Intellectually he can defy the petty logic of the church. This is not an attempt at rebellion, but rather an acceptance because you are arguing on the church grounds. But after the sermon on the horrors of hell, Stephen experiences excruciating terror. The only escape from the torments is an “apology”; confession and repentance.

God had promised to forgive him if he regretted it. He was sorry. . . Sorry! Sorry! Oh sorry! ‘

Hell in Chapter 3 is equivalent to the eagle in Chapter 1, and with these words Stephen apologizes, just as his mother and Dante said he would. He is not yet ready to risk eternal damnation for his acts of rebellion, as he is at the end of Chapter 5.

While Stephen thinks his acceptance of the church will be permanent, his motivation is purely emotional and his willpower is not involved. Your emotional state is transitory, and once your fear has subsided, you will no longer need church.

Throughout the book, each chapter ends with Stephen feeling himself on the threshold of a “new dawn,” and that the next chapter begins with a demonstration that the “new dawn” was largely self-deception. We see Stephen stumbling in his childhood through a series of painfully miscalculated but unavoidable steps. In the end, he may not reach full maturity, but he does achieve a degree of freedom from what he sees as the ‘nets’ launched by society and its authorities.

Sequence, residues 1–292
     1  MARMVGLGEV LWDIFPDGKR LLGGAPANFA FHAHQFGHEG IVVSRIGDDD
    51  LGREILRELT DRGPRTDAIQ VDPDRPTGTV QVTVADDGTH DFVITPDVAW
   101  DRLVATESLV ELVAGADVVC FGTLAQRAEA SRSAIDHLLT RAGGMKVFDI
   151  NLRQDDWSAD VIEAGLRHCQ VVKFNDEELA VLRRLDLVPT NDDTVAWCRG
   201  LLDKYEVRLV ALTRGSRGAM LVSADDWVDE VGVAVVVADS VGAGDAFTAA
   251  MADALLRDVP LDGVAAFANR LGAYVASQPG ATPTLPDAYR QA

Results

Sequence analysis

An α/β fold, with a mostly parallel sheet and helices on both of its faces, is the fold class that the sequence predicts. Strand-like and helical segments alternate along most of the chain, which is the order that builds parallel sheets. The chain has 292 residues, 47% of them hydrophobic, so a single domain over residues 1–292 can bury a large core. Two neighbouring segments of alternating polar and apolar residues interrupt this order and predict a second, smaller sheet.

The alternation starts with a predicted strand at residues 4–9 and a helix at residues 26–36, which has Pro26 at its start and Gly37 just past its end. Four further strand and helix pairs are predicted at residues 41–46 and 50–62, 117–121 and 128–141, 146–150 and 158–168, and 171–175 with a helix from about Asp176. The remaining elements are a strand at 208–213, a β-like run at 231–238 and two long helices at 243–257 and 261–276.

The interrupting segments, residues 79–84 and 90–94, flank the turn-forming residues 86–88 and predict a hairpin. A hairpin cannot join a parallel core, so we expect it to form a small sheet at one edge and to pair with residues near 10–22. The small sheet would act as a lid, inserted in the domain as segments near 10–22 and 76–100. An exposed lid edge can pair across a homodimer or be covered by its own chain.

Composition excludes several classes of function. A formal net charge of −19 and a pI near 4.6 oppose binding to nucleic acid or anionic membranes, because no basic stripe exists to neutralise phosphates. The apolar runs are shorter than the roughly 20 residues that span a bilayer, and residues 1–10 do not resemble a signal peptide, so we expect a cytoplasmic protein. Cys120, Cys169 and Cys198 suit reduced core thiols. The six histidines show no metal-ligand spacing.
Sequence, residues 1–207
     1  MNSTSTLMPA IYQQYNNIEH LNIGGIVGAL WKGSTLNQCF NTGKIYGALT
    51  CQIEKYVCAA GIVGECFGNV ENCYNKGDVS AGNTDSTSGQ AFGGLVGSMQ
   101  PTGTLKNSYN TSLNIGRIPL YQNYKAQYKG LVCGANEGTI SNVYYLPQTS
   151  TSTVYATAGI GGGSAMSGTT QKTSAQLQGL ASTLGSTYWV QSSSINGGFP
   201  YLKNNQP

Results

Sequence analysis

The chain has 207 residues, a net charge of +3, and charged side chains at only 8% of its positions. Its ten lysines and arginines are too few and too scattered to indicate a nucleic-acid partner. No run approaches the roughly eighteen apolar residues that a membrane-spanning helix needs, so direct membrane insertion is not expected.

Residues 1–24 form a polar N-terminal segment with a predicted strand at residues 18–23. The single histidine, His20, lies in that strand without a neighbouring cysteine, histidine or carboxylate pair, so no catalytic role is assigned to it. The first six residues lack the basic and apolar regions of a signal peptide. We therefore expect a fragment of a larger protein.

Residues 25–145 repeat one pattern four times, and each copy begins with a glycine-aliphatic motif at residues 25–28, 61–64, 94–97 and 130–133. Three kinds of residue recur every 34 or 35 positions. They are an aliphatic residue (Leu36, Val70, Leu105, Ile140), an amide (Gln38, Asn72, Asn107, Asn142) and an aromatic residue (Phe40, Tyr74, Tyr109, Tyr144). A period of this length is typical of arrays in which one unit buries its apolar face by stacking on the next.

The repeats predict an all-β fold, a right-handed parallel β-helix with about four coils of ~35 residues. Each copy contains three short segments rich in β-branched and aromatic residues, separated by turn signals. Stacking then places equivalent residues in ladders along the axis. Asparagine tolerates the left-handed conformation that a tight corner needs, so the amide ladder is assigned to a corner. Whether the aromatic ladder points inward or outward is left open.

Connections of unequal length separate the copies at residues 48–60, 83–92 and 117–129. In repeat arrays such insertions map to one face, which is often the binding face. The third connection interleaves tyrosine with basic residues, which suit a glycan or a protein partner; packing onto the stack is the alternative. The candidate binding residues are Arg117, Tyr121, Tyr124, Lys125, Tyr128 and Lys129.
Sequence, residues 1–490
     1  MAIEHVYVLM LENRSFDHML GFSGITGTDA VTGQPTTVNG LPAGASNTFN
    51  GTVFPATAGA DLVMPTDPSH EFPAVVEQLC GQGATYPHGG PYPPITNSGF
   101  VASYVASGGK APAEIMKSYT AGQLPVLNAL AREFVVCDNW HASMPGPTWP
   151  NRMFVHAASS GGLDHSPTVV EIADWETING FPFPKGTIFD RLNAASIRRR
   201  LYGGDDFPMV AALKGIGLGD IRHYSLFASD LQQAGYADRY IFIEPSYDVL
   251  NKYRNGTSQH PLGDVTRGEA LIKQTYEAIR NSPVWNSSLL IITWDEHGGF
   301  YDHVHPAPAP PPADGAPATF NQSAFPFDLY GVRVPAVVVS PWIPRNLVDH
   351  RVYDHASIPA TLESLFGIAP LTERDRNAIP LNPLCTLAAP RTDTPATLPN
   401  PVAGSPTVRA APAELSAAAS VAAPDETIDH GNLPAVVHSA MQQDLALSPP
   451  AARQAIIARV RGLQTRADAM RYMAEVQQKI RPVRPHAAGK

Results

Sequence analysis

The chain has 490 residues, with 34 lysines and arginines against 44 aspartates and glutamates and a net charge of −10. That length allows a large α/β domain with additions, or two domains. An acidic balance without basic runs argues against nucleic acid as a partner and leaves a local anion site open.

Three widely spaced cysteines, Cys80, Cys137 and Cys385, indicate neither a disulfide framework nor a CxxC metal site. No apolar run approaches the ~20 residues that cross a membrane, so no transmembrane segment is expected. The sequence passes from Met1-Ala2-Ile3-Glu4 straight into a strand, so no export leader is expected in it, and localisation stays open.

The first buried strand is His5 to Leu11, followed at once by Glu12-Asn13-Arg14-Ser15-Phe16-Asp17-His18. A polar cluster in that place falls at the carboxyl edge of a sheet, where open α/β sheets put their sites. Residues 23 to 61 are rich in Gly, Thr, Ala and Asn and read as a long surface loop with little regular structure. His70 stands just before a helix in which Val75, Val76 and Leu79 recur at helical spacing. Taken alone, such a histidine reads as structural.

“When a man’s soul is born in this country, nets are thrown at him to prevent him from fleeing. You talk to me about nationality, language, religion. I will try to flee through those networks.

At the end of Chapter 4, in what is truly the climax of the novel, Stephen has a vision to become an artist. Joyce presents this view in a way that clearly associates it with the Icarus myth, and that shows that Stephen’s ideas have the usual mix of insight and misconceptions. Your ideal vision is associated with calm and beautiful images of the water. His real life from home and Dublin is associated with stagnant and dirty water. His dislike for Dublin manifests itself in many other ways, for example warped characters, static clocks, and the garbage trail, with the result that he finally calls Ireland “the old sow that eats her farrowing”.

In Chapter 5 we have a picture of the type of person Stephen has become by following him through a series of dialogues with his friends from college. These friends do not complete themselves as characters, but serve as a means of extracting Stephen’s ideas and challenging them for the benefit of the reader.

In the last of Stephen’s dialogues Stephen makes his hopes, doubts and ambitions clear. Here we have the clearest and most mature statement from Stephen in the entire novel.

“ I will not serve what I no longer believe in, whether it calls itself my home, my country, or my church; and I will try to express myself in some way of life for art as freely as I can and as completely as I can. I can, using for my defense the only weapons that I allow myself to use: silencing exile and cunning.

Choose silence, exile and cunning to counter language, nationality and religion. He has to go into exile from Ireland not only to avoid the ‘nets’, but also because of the hostility of the Irish people towards his artists.

No matter how much we may criticize Stephen for his prudishness, immaturity or coldness, we must admire his unwavering independence of spirit, as he has the unanswerable last word:

“And I’m not afraid to make a mistake, even a big mistake, a lifetime mistake, and maybe even eternity as well.”

Here, by including “eternity,” we see that although he claims that he no longer believes, he does not cease to firmly believe. It seems that the shadow of the eagle will haunt him forever.

Read the full version of this essay at:

http://www.literature-study-online.com/essays/james-joyce.html